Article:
Advertise with us
Contact Us   |   Sign In   |   JOIN
TBA Online: News & Features: February 2016

Editors' Picks: February 2016

Monday, February 1, 2016   (0 Comments)
Share |
Abundance in bloom! This February, exciting theatre productions are as plentiful as the little cherry blossoms that now dust the trees downtown like pink snowflakes. Freshness and energy characterizes this crowd of ambitious and unique productions: are you looking for a jaw-dropping, take-no-prisoners satire? Of course you are! Yearning for romance? Who isn’t?! Feeling like singing and dancing? You’re covered! Read on for a host of ways to spend your evenings enjoying the Bay Area’s creative bounty. 

We’re delighted to welcome Sherri Young as our guest editor this month. Ms. Young is the founder and executive director of the African-American Shakespeare Company, a valued TBA member company—and producer of one of this month’s top Editors’ Picks, The Colored Museum! (Bonus: last February, the National Endowment for the Arts published a wonderful “Art Talk” interview with Ms. Young; read it here.)

  

Editors’ Picks: Laura Brueckner, editor

 


Paige Mayes, Clara McDaniel and Tavia Percia in “The Hairpiece,” one of 11 vignettes in George C. Wolfe’s The Colored Museum at the African-American Shakespeare Company. Photo: Lance Huntley 


The Colored Museum

African-American Shakespeare Company, SF
Feb. 13-Mar. 6

Lurking within the 11,000+ pages of theatre history, theory and scripts I read for my first-year PhD exam was one piece that knocked me sideways, and has been on my “must see” bucket list ever since: George C. Wolfe’s The Colored Museum. This ferocious, agile, intense work wastes no time in upending assumptions; by the time we’re done even reading its title, it’s forced us to confront language for racial difference that shines a light on America’s ongoing problem of racial intolerance—and then used that language to ridicule the notion that historically white institutions such as museums display only objective truth. And that’s just the title! The play digs much deeper, in many different ways, as Wolfe (according to Stanford professor Harry J. Elam, Jr.) “simultaneously celebrates, satirizes and subverts the African-American legacy.” This production divides the play’s 11 vignettes between four well-known Bay Area directors: Velina Brown, L. Peter Callender, Edris Cooper-Anifowoshe and Michael Gene Sullivan. Visit What’s Playing or african-americanshakes.org.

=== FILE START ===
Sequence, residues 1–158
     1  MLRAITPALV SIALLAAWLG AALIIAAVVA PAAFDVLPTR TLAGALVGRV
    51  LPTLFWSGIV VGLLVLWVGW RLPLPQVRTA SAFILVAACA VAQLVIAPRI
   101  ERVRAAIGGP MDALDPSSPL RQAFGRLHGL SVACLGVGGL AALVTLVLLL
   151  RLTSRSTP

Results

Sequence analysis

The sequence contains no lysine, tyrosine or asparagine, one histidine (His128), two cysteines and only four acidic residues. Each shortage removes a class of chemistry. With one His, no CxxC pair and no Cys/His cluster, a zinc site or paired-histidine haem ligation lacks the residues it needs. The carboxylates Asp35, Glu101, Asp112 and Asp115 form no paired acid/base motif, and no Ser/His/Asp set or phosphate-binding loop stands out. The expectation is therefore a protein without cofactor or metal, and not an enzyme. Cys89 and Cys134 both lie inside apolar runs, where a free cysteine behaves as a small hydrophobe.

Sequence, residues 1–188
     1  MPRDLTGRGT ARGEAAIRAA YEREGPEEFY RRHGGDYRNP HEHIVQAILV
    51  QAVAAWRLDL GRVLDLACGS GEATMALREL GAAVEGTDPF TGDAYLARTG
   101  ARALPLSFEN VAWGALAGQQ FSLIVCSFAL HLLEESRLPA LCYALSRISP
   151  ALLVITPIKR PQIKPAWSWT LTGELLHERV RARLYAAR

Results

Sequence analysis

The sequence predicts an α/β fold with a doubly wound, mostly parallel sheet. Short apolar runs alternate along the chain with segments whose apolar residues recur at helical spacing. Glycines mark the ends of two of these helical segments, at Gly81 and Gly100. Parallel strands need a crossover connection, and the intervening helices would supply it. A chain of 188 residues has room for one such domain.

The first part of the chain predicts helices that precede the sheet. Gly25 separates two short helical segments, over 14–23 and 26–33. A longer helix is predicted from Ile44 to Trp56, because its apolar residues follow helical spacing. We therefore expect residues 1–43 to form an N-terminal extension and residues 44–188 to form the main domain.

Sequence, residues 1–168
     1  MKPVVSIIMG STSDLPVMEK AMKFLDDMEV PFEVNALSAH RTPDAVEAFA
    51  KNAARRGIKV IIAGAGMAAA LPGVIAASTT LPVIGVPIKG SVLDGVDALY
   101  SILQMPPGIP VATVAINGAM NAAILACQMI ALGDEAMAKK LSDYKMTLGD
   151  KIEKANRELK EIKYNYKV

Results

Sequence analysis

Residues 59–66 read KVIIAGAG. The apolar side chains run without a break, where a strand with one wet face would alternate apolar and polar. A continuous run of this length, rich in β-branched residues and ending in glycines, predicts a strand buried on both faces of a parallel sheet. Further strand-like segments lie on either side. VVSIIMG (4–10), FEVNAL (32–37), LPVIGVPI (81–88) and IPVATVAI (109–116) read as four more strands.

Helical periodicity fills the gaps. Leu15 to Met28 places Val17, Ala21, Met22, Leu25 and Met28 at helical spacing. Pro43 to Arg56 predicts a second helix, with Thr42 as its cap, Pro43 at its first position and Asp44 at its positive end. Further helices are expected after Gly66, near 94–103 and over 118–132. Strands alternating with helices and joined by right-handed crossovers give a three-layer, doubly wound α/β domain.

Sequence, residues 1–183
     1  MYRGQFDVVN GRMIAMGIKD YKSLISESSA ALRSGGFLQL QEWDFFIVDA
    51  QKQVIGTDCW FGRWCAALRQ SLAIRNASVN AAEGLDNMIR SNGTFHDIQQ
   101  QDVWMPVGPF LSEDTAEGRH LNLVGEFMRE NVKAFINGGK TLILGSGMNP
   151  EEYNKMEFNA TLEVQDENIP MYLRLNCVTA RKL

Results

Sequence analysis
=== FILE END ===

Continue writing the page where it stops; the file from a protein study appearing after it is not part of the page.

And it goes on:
Dogeaters
Magic Theatre, SF
Feb. 10-28

The first incarnation of Jessica Hagedorn’s Dogeaters was a novel, published in 1990, winning the American Book Award and becoming a finalist for the National Book Award. On the urging of collaborators, Hagedorn adapted her bitingly satiric story of political oppression, social injustice, glamour and despair in Marcos-era Manila into a play that appears to embrace excess as both content and style. With 16 actors (!) playing over 30 characters, simply seeing how this production will work is reason enough to go; top-notch actors such as Rinabeth Apostol, Charisse Loriaux, Lawrence Radecker, Carina Lastimosa Salazar, Jomar Tagatac and Ogie Zulueta seal the deal. Visit magictheatre.org.